enlightenment. Those who achieved enlightenment
    entered Nirvana a state of complete peace.
    Those who enter Nirvana also escape an endless
    cycle of suffering, death , and rebirth.

15
7th grade review
  • 7.3.5 trace the historic influence of such
    discoveries as tea, the manufacture of paper,
    wood-block printing, the compass, and gunpowder.
  • Tea sent to the west (Europe) via the Silk
    Road.
  • Paper invented 2,000 years ago.

16
  • Wood-block printing These were blocks that were
    carves on. When ink was placed on the block you
    could print a picture or writing onto paper.
  • Compass invented the first compass used for
    navigation.

17
7th grade review
  • Gunpowder first used in fireworks. However, by
    the Song dynasty they began to make bombs,
    rockets, and other weapons.

18
7th grade review
  • 7.4.1 Study the Niger river and the
    relationship of vegetative zones of forest,
    savannah, and desert to trade in gold, salt,
    food, and slaves and the growth of the Ghana and
    Mali empires.
  • African landscape
  • Vast desert The Sahara dessert covers most of
    Northern Africa.
  • The Sahel a fertile region with limited and
    unpredictable rainfall along the southern edge of
    the Sahara.
  • Savannah (part of the Sahel) south of the Sahara
    is a dry grassland with scattered trees,
    something like American prairies.

19
7th grade review
  • Gold and Salt Trade The Empires of Ghana, Mali,
    and Songhai all got rich off this trade. They
    would exchange an equal amount of salt for gold.
    Salt came from mines in the desert and the gold
    came form West Africa. They would charge a tax
    in between this trade route which made the
    empires prosper.

20
7th grade review
  • 7.5.3 Describe the values, social customs, and
    traditions prescribed by the lord-vassal system
    consisting of shogun, daimyo, and samurai and the
    lasting influence of the warrior code in the
    twentieth century.
  • Shogun supreme military commander. The Shogun
    ruled Japan in the name of the emperor.

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7th grade review
  • Daimyo The job of protecting everyone became
    the responsibility of the local land-owning
    lords. (known as the Daimyo)
  • Feudalism a social system in which lords grant
    people land or other rewards in exchange for
    military service. Each Daimyo relied on peasants
    to work his (shoguns) land. In exchange for
    their labor, he (shogun) promised them
    protection.

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7th grade review
  • Samurai the Shogun protected the peasants
    through a small army called samurais, or highly
    trained warriors. In exchange for their service,
    the Daimyo granted his samurai land or money.
  • Feudal system order
  • Emperor ? Shogun ? daimyo ? Samurai ? Peasants,
    Merchants, Artisans
  • Warrior Code (Bushido) a strict code of conduct
    that guided the behavior of samurai.

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7th grade review
  • 7.5.6 Analyze the rise of a military society in
    the late twelfth century and the role of the
    samurai in that society.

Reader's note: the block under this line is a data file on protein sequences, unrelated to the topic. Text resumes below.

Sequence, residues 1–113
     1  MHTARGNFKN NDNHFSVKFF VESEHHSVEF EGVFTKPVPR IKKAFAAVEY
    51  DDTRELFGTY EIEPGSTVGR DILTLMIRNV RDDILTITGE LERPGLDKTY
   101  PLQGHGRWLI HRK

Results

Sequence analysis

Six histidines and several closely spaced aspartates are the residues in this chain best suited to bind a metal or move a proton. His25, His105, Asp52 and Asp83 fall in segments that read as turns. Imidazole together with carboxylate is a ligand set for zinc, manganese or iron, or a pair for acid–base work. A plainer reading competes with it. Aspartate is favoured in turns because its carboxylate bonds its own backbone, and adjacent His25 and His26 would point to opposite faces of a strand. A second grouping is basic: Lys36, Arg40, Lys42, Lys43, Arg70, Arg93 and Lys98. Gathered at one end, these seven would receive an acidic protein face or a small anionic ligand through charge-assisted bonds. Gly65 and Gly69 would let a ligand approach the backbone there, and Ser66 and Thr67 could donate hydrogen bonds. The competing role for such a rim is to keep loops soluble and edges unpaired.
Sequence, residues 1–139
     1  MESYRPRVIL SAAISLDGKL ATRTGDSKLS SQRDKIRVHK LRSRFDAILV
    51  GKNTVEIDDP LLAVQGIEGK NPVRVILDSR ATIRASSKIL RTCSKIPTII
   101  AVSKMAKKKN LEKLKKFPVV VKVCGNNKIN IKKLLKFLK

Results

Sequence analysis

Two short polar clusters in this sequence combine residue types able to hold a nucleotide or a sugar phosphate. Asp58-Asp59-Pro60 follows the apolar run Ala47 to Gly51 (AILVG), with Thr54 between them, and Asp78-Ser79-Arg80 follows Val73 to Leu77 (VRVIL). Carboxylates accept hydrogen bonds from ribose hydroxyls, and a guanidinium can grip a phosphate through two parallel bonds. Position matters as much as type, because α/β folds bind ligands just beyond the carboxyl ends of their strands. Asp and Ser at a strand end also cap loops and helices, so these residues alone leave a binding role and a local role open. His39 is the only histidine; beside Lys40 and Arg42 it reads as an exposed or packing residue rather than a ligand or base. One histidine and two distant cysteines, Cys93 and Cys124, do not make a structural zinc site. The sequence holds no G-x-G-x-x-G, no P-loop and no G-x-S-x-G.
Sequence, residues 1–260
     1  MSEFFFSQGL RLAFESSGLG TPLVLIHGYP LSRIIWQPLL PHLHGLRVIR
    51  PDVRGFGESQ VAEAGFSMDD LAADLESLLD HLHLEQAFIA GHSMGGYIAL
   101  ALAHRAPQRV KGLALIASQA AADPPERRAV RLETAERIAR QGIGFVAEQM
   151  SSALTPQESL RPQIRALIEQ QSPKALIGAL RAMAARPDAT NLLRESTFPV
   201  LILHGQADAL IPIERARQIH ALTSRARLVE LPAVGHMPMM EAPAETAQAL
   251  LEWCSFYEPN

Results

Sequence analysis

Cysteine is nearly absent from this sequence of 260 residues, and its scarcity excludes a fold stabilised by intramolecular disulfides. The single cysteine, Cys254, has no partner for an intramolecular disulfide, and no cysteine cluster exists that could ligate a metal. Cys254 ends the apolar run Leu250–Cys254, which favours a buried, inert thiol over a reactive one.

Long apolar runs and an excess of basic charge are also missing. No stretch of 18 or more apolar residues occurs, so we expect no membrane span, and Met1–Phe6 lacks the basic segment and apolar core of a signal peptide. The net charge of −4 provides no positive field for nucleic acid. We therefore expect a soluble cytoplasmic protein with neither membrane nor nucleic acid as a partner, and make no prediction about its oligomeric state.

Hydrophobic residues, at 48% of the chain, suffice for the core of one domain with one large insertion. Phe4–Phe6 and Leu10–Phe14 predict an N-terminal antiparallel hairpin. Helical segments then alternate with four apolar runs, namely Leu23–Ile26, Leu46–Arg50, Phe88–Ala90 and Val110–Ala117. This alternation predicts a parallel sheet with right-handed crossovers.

• First Shogun Warrior clans began to fight the
    emperor of Japan. In 1185 A.D. Minamoto Yoritomo
    overthrew the emperor and became the first shogun
    and most powerful man in Japan. He made the
    title Shogun permanent.

24
7th grade review
  • 7.6.3 understand the development of feudalism,
    its role in the medieval European economy, the
    way in which it was influenced by physical
    geography (the role of the manor and the growth
    of towns), and how feudal relationships provided
    the foundation of political order.
  • Viking raids began to attack Europe. Viking
    attacks went unanswered by governments struggling
    to maintain order. Because the governments could
    not protect people form the Vikings, local nobles
    took over. The result was a system of feudalism
    much like that of Japan.

25
7th grade review
  • Feudal system
  • King/Queen ? Lords (nobles) ? Vassals ? Knights
    ? peasant farmers
  • Lord (nobles) Gave a grant of land (fief), to a
    vassal if they promised loyalty to the Lord. The
    vassal agreed to supply knights, or mounted
    warriors, to the Lord in times of trouble.
  • Chivalry a warriors code of behavior that each
    knight must follow.
  • Castles Built by the Lords and they ruled the
    territories around them. They controlled farms,
    markets, currency, and taxes on their lands.
    When in danger, local farmers flocked to castles
    for protection.

26
7th grade review
  • Manor the self-sufficient estate of a medieval
    lord.
  • The center was the castle or lords stone house.
  • Around it was a clustered village, a church, and
    the surrounding fields and forests.
  • The manor produced everything the lord, his
    family, and villagers needed.
  • Led to the growth of towns.

27
7th grade review
  • 7.6.4 Demonstrate the understanding of the
    conflict and cooperation between the Papacy and
    European monarchs (e.g., Charlemagne, Gregory
    VII, Emperor Henry IV).
  • Charlemagne (8th and 9th century) tried to rule
    in a Christian manner. Many of his advisers were
    drawn from the clergy (a group of people who give
    their lives to serve the Church as priests,
    monks, and higher church officials).

28
  • Charlemagne wanted to become emperor. Pope Leo